Paying People to Stay Home
I don’t appear very sick and I hear many complain about paying people to stay home. I believe these people don’t understand the big picture. They must believe the $1037.00 I receive in disability benefits for Social Security is a culmination a dream of mine since I was 15, when I got my first paycheck from Taco Bell and saw my deduction for Medicare and disability benefits. Yes, this girl from Westminster, California is living the dream! And of course, I receive Veteran’s Benefits, which is really just icing on the cake. Since I was a little girl I dreamed of living the high life with no goals or aspirations ever, right? Wrong.
Imagine having nothing to do but go to frequent doctors appointment; routine invasive procedures – I “LOVE” having a camera shoved down my throat annually and on March 2nd, 2011 I finally got implants. Yes, I have a port implanted above my right breast with a tube in my vein that goes directly to my heart. It’s done wonders for my cleavage. Now when I get my blood drawn or chemo treatments, instead of four or five sticks with an exploratory needle, it’s like girls gone wild. I just pull back my shirt and BAM! I’ve got an IV in seconds.
When I received my first chemo infusion with it, had the oncology floor been a bar and port o-caths were drinks, I would’ve bought a round for everyone. I never thought I would see the day I would be attached to an IV without feeling ecruciating pain. HEAVEN!
Many people with Scleroderma, Sarcoidosis, Lupus and other autoimmune diseases have trouble getting disability benefits. These benefits are gigantic pay cut after years of hard work. One reason I had difficulty getting my benefits was my inability to say no. Yes, some of us are work sluts. When someone asks us, we say that we can work a full 8 to 10 hour day. But what happens at the end of the day? Let’s see….we pick up the kids from daycare, help them with their home work, feed and bathe them. That is a long day even when our feet are so swollen that we shouldn’t walk but stay on our feet despite the pain. It takes a toll on our health and psyche. Then there’s the swelling. Possibly caused by our hearts working too hard to move faster than our bodies are capable, slowing us down as we move from point A to point B. An immune system already compromised by chemo to keep us alive, makes us more susceptible to the germs our kids bring home with them. My pulmonologist refers to my 7 year old as a cesspool for a reason. We bathe our little nose miners to wash off the day’s accumulation of God knows what.
We don’t do all of these things and more because we like to complain. We do these things because we want to live a full life. With or without children, as caregivers, lovers, grandparents, aunts, uncles and friends; we battle each and every day and some of us end up working ourselves into an early grave. Should we dare to be so bold as to request benefits we have paid into for decades so that we may remain on this planet just a little longer? I know, I sound like a nut. But what’s so nuts about putting our families and lives first and not our livelihoods? A job is important, but it should be last on our list of priorities, not first. I’m not saying we all need to be slackers, I’m saying this “walk it off-shake it out-cowboy-up-and-deal-with-it” way of life is going to kill most of us before our time.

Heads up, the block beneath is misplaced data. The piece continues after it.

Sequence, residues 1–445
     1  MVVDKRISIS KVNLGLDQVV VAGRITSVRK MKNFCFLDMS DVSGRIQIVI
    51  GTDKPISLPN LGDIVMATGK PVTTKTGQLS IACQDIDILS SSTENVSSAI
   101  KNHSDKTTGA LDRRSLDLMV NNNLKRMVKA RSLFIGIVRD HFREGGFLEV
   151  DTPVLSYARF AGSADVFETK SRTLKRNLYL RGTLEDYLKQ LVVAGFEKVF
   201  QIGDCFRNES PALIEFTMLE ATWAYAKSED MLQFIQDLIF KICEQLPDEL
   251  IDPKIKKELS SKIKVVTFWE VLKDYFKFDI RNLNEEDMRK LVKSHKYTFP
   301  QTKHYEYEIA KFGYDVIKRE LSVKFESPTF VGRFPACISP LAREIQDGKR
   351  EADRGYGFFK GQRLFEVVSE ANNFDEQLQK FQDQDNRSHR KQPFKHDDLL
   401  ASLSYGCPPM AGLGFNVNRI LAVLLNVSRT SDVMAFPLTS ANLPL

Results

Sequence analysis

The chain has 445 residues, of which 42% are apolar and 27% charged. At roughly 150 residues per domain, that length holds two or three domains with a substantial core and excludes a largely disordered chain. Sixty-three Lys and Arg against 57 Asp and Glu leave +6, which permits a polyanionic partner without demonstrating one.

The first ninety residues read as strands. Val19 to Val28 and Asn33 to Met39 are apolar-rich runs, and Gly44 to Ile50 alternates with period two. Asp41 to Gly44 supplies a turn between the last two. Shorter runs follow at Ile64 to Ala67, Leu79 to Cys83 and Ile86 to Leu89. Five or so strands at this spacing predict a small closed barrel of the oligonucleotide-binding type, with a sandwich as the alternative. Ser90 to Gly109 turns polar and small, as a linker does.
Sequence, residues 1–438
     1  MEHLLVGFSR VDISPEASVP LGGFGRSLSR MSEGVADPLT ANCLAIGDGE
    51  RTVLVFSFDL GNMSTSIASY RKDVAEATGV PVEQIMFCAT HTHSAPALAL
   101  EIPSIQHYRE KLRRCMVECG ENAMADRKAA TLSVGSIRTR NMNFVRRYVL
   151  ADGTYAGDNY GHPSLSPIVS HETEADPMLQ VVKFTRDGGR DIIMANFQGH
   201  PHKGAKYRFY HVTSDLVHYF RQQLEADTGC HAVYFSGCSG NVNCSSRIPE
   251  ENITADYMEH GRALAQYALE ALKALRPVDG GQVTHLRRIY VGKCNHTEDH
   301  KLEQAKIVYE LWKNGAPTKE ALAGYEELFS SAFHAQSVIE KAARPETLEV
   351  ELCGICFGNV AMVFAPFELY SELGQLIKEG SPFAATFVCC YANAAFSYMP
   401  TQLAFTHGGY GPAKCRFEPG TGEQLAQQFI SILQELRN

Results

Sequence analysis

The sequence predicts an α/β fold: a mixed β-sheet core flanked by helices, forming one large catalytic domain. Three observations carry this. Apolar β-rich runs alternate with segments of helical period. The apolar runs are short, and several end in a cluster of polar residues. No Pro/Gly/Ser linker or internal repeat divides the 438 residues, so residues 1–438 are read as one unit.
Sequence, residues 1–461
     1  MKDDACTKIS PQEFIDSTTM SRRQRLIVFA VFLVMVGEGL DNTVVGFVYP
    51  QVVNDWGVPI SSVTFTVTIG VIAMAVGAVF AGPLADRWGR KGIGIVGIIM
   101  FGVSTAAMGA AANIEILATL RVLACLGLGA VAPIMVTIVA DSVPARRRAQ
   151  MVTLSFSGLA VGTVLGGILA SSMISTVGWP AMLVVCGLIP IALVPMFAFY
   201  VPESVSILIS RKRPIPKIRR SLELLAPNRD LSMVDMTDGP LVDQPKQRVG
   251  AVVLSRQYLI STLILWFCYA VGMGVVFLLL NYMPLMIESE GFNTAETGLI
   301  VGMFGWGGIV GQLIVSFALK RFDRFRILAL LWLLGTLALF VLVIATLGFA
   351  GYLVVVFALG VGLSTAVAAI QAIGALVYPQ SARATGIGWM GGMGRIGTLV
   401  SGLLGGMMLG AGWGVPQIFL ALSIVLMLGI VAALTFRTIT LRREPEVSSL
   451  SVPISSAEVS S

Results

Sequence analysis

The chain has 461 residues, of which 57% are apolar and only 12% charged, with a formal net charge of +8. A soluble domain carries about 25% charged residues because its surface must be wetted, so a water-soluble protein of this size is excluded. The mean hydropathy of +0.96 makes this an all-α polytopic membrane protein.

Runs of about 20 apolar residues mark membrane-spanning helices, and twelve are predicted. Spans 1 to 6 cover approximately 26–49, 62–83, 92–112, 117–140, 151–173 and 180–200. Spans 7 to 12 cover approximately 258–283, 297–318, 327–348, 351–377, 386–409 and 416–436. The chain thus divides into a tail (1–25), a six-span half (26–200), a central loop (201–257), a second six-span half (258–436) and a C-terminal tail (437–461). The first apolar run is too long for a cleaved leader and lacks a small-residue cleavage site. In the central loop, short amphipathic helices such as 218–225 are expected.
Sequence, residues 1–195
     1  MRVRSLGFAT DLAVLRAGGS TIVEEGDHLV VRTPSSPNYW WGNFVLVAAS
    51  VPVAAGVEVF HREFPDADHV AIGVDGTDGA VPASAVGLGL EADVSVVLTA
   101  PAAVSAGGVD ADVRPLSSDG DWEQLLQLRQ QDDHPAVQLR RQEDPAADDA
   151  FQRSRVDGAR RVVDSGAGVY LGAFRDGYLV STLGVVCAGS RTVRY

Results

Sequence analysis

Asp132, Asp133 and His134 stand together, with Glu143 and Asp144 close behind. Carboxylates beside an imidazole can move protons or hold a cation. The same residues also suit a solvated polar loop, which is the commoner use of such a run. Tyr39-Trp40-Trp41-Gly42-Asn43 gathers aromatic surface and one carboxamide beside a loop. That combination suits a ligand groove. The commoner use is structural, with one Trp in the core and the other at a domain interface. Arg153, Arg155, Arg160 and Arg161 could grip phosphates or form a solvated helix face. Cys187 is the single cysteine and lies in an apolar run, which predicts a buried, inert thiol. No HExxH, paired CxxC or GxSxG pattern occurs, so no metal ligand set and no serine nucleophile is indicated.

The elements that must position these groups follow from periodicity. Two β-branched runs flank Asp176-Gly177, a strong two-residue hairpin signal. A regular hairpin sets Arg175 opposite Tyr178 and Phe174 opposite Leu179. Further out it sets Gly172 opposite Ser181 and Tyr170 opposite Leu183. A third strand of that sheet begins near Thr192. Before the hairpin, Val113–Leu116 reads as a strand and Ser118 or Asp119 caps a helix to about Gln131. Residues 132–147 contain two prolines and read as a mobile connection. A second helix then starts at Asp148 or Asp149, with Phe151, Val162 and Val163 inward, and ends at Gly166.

Kudos to those who can maintain their health and work. I envy you. Had I followed my intended career path, I would be a registered nurse, probably with a surgical specialty. But not everyone gets what they want, that’s life. It would be a dream if I could keep a job without having to take time off for flare ups or unexpected ER visits. And honestly, that puts a larger burden on co-workers.
I don’t say these things lightly. I almost worked myself to death and I am grateful I was finally able to say no to my Social Security interviewer when she asked if I could work a full day. When asked if I can work, it is almost reflexive to say yes without considering what happens before and after work. A full day is from the time you get up in the morning, until you go to bed.
I hear constant criticism from even close family members that we shouldn’t, “Pay people to stay home.” Good news everyone, you don’t. Those who have been working have been paying into a system for years, so that burden is not yours. And for those who have never worked and are using SS or disability benefits, I say, kudos. They are taking care of themselves so they may take care of their own families. People who take care of themselves can take care of their children or elderly parents and are doing society as a whole a great service.
Now, with every program, there is always room for abuse. People who take advantage of the system are a minority. So just get over it, PLEASE! It’s just a fact of life, like sand in your PB&J at the beach. It’s like avoiding the beach because you don’t want to get sand in your lunch. Then one can say, “Just don’t eat at the beach”, but you are still going to get sand in your shoes.
Well, I think I’ve covered everything. So those of you worrying about us free-loaders, you are off the hook. You are not paying anyone to stay home. Please, you don’t need to thank me for that good night’s sleep you will get tonight.
Here is one way to look at it; when on an airplane and experiencing a drop of pressure, you put the mask on yourself first, then so you are able to help the person who needs help sitting next to you. If you need that explained, file that away so that when you are diagnosed with something and have trouble working, then you will get it.